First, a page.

DE: With a key theme of this residency being the word ‘transition’, I thought it could be interesting to explore the word within the context of your journey as a musician. You’ve spoken in interviews about transitioning from a more ‘neo-soul and lo-fi sound’ to more electronic and dance sounds. What was the reason behind that transition and what pressures do you feel catering to the dance and electronic market?
Y: I first made the transition, because I honestly didn't really like the music I was making anymore. I have never really listened to that much like neo-soul. I've always listened to dance music from about 15 to 17 years old, all I would listen to was dancehall. That's all I wanted to hear and wanted to listen to. I also always loved garage and funky house. If I went out for a night out, I'd want to hear those genres. I realised the vocals that were in those genres were vocals of black women. They were big vocals, by a lot of women that were from the soul scene and it was soultronic. That's the kind of music that I love. So, I just had a look inward and I went on a trip to Zimbabwe for an acting job. I was just listening to so much gqom at the time, which was just before amapiano and that genre that blended into amapiano. That was amazing, because there's so much music that’s influenced by African music and black music. Music that feels cultural and like those traditional elements are still there. Listening to that really influenced me. It's not like I don't take those R&B and neo-soul elements into it, because I love the 90s and 2000s era. I think it was more the ‘new age’ version of it that wasn’t really me. I grew from it, I evolved from it, like with anything and the music I make next year may be different also. You've got no idea where it's gonna go. You've just got to move with it and you have to be unafraid to do that because not everyone's gonna like it.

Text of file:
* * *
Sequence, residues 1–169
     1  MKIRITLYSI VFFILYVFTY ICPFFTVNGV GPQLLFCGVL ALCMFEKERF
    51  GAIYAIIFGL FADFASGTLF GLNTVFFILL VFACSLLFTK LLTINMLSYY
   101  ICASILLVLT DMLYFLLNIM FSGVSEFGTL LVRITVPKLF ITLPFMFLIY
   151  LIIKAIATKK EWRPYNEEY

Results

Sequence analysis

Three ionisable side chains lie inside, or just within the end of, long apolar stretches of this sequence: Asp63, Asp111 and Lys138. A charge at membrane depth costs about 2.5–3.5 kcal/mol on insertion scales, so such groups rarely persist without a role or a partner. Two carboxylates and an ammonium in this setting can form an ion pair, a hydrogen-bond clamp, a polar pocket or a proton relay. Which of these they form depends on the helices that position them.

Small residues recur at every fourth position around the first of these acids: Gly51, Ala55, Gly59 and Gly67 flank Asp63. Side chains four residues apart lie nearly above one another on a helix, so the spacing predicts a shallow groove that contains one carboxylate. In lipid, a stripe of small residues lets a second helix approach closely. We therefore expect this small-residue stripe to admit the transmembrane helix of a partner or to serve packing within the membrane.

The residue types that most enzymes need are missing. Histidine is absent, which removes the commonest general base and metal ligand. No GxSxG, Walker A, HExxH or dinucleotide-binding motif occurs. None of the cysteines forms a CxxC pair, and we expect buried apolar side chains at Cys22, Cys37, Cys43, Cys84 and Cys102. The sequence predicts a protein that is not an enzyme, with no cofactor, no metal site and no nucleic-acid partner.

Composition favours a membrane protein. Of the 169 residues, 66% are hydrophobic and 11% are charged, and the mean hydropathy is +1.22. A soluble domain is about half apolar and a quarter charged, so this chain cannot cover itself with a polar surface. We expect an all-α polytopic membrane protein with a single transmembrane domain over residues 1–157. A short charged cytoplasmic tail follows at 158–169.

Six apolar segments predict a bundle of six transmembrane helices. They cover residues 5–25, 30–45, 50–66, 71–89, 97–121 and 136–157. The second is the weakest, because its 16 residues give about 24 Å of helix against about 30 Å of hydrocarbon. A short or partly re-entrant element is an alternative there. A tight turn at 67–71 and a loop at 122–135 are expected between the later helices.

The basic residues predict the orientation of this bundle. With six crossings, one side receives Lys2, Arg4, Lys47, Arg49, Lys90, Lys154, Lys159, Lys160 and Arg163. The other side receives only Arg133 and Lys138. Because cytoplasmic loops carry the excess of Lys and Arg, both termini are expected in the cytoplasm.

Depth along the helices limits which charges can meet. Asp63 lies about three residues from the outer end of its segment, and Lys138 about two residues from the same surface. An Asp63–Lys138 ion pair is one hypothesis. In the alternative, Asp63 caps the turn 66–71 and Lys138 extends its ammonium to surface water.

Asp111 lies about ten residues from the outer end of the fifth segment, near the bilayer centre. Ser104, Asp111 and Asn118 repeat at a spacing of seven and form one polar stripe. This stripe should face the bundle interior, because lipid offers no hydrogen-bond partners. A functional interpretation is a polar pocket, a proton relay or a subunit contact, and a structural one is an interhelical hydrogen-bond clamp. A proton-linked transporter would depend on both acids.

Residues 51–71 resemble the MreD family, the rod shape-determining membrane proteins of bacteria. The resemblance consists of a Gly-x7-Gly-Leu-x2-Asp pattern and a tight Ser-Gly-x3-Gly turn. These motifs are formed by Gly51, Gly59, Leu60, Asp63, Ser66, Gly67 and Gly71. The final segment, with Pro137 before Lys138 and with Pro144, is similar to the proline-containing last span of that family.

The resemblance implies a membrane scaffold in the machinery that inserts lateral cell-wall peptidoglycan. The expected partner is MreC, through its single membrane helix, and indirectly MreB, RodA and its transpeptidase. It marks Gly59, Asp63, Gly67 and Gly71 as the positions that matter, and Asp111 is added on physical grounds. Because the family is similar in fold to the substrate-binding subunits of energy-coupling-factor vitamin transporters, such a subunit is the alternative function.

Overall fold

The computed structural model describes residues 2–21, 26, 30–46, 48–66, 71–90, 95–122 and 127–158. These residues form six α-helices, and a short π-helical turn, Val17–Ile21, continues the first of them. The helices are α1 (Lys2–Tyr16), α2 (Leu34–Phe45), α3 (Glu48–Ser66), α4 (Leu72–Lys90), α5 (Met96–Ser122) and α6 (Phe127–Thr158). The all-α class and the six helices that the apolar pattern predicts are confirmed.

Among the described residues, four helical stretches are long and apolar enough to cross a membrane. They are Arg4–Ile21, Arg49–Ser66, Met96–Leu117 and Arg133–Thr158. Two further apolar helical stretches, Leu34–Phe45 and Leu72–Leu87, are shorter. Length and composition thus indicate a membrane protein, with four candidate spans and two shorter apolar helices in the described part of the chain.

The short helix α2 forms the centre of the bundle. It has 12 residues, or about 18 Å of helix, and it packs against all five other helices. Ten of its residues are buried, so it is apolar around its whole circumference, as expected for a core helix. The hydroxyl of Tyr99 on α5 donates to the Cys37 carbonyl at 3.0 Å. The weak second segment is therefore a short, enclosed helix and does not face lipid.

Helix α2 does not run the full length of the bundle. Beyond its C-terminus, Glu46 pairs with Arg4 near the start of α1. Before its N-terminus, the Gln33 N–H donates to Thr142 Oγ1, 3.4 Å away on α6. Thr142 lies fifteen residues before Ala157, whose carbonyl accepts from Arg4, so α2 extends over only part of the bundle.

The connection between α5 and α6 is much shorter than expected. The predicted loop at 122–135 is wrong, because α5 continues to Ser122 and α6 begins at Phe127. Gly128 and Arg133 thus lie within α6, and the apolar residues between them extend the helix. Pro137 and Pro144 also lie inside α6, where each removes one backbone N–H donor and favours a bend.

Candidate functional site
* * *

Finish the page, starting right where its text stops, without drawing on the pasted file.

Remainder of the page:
DE: When it comes to creative and visuals–music videos, what is the process like for your music videos? Do you create a treatment beforehand? How much creative direction do you have and how involved are you in this process? 
Y: I work closely with my friend and we work together. But I never hand over the reins. I always have a lot of creative control in terms of concept and then we work together to create it. I'm just a creative person in general. I think a misconception is that if you have a manager, a team or you have a bit of funding that you don't do everything yourself. I literally do everything myself. But I'm getting used to giving more creative control to other people that I don't necessarily know.

Yiigaa wears a blouse by Brian De Carvalho and jewellery by Lucky Little Blighters

DE: Another element of this residency is performance, which is also such an important part of being a musician and an entertainer. What does it feel like being on stage? Do you have an alter ego?
Y: I think sometimes it makes it a little bit easier to separate yourself a little bit from the artist. My actual name is Yiga (spelt Y-I-G-A), but the way I spell it as an artist is different. So, I think that's the way I kind of separate myself. I trained as an actor before I was a musician and they are very different. Being on stage as yourself is terrifying, but I do try to be myself as much as I can.